George Harrison was the patron saint of every smart, mopey, and spiritually directed person I knew. "You're 'a George,' aren't you?" I'd say to people when I felt the unmistakable connection. My own identity as 'a George' had crystallized by the time I was fifteen, growing up in the suburbs of Chicago, staring into the Harrison photo that tumbled out of The White Album. Paul was cute, well-meaning but plastic. John was an intellectual, but a blowhard too. Ringo seemed affable and little more.

When Harrison's 'All Things Must Pass" was released in 1971, I studied the liner notes looking for clues. I wish now I had sat down with my parents and said, "Look, he's religious," but I didn't. They saw the hair and thought he was all about drugs.

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So I quietly followed him. I started yoga, got a book on India, went to a Ravi Shankar concert, gazed sadly at photographs of the deformed bodies of children in Bangladesh. In 1975, I found a vegetarian restaurant in a section of Washington D.
C. run by Sikhs. The walls and ceiling of the place were painted in blue sky and clouds. I got interested in teas, herbs, natural health. I read the early books of Andrew Weil, thought about drugs and the illusion that they might teach me something about consciousness. Later still, there was Krishnamurti and a Shambhala meditation seminar. By that time, I was off and running.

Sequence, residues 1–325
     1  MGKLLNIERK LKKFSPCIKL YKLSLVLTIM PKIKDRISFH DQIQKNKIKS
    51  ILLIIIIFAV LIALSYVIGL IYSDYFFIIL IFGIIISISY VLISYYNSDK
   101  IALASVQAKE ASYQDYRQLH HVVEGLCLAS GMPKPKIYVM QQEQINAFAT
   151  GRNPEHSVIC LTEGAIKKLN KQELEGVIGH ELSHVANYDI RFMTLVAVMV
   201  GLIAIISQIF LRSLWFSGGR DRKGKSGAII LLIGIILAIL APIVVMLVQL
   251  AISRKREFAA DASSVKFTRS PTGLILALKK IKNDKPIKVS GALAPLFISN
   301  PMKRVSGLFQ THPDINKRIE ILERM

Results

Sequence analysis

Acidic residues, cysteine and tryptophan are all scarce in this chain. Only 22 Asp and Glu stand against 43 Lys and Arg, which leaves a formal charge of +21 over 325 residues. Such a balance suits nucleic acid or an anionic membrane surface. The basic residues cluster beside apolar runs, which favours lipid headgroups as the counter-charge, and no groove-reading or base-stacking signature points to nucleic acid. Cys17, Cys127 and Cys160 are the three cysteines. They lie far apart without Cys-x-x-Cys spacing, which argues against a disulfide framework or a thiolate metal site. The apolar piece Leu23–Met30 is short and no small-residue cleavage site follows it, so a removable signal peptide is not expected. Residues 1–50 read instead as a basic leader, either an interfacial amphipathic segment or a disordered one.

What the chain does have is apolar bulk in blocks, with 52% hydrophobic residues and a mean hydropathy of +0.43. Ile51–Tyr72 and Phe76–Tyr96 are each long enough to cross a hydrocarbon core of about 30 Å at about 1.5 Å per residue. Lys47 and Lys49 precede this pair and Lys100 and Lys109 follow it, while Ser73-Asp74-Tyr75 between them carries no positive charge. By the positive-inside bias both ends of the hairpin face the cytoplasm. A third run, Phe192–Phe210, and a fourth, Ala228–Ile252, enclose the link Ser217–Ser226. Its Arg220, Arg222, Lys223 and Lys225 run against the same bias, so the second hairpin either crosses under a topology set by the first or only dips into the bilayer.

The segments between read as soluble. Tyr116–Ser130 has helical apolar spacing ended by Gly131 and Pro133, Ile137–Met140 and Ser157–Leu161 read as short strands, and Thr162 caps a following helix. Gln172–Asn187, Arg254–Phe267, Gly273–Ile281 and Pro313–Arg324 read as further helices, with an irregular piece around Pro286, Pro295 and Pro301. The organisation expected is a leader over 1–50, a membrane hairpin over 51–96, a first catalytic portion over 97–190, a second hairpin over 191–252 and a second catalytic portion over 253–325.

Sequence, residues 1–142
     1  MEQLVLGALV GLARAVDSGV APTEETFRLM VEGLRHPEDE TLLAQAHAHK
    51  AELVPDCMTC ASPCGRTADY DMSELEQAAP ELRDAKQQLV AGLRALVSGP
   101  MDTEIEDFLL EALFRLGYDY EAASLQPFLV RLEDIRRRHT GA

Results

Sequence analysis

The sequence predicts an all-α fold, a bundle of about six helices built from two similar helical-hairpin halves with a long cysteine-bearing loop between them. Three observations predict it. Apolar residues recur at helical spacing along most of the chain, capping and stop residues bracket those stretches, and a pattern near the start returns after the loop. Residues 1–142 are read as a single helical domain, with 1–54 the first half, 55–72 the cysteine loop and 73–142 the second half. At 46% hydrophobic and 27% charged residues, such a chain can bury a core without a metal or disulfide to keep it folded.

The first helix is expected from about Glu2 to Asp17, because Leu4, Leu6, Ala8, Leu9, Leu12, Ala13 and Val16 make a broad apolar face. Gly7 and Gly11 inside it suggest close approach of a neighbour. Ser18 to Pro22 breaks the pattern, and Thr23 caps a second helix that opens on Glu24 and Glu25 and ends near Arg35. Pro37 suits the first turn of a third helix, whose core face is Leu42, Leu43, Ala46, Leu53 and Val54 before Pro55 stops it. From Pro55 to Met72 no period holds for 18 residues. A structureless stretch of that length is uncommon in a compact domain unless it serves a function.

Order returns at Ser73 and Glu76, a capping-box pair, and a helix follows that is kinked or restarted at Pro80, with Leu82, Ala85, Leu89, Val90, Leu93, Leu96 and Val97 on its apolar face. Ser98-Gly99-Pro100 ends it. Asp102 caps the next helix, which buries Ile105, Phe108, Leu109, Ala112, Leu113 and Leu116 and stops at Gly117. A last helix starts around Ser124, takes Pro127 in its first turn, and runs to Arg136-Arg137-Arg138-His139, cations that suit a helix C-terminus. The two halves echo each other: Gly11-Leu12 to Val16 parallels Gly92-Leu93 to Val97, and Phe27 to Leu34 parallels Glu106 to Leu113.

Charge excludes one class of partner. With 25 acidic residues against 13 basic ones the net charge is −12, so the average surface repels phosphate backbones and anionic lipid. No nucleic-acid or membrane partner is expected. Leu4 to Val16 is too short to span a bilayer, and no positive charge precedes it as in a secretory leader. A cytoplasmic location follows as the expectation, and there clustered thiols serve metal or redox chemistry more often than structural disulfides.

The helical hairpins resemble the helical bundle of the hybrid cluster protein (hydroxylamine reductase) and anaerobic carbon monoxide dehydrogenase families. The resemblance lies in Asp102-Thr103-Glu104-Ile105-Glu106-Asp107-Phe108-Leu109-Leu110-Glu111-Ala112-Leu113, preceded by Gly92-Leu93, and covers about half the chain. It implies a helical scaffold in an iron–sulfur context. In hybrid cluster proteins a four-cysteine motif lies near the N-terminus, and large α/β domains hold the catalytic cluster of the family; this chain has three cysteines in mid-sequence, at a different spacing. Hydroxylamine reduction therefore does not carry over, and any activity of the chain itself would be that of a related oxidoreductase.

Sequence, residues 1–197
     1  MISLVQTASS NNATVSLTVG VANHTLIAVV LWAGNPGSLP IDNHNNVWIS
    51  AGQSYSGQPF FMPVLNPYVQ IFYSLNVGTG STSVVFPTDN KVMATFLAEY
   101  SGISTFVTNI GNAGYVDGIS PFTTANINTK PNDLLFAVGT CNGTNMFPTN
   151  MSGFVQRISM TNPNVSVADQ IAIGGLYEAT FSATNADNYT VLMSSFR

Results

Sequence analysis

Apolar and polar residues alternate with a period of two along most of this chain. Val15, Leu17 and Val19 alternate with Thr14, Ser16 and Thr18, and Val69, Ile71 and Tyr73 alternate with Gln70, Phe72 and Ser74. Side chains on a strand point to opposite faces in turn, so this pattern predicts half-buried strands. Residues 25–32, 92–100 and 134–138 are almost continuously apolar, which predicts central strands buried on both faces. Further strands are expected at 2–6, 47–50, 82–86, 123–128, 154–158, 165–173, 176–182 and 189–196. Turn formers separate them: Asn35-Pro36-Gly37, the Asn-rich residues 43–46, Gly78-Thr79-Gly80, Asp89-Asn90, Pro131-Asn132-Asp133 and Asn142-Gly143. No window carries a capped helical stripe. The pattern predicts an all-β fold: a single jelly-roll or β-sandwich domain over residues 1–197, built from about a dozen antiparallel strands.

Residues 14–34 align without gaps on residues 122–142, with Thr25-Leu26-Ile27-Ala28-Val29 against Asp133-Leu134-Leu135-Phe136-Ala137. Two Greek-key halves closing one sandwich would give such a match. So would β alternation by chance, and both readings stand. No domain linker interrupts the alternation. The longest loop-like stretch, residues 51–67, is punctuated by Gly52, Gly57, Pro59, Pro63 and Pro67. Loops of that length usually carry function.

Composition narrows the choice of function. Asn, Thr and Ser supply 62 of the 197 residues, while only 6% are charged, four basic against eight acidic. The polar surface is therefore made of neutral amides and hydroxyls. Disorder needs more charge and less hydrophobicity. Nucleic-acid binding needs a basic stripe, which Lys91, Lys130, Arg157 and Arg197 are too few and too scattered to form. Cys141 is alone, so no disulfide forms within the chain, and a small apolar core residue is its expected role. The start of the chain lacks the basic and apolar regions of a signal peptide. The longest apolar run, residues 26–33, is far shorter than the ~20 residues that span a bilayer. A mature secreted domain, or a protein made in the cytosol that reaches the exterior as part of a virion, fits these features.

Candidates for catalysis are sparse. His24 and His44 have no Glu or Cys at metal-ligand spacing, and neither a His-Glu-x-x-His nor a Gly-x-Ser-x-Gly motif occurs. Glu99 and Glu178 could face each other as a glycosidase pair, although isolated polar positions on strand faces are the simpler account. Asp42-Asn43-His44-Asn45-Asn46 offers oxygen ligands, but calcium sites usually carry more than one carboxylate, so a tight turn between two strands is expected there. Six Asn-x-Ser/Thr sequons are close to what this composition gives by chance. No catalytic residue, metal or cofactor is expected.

I wouldn't have been able to tell you that George had a son or was in a happy marriage. We had lost touch. But the connection to what today in reports was deemed his "lovely fragility" leaves me grateful and tenderhearted. It's too strong to say that George Harrison saved me, but he launched me. I am pleased to see him being so generously rewarded with his own publicity today, since he always seemed happiest in collaboration with others, never on his own in the harsh lights. In that way, I still feel the connection. "It's nothing to go from 17 to 57," he said in an interview last year. "Forty years just goes like that!"

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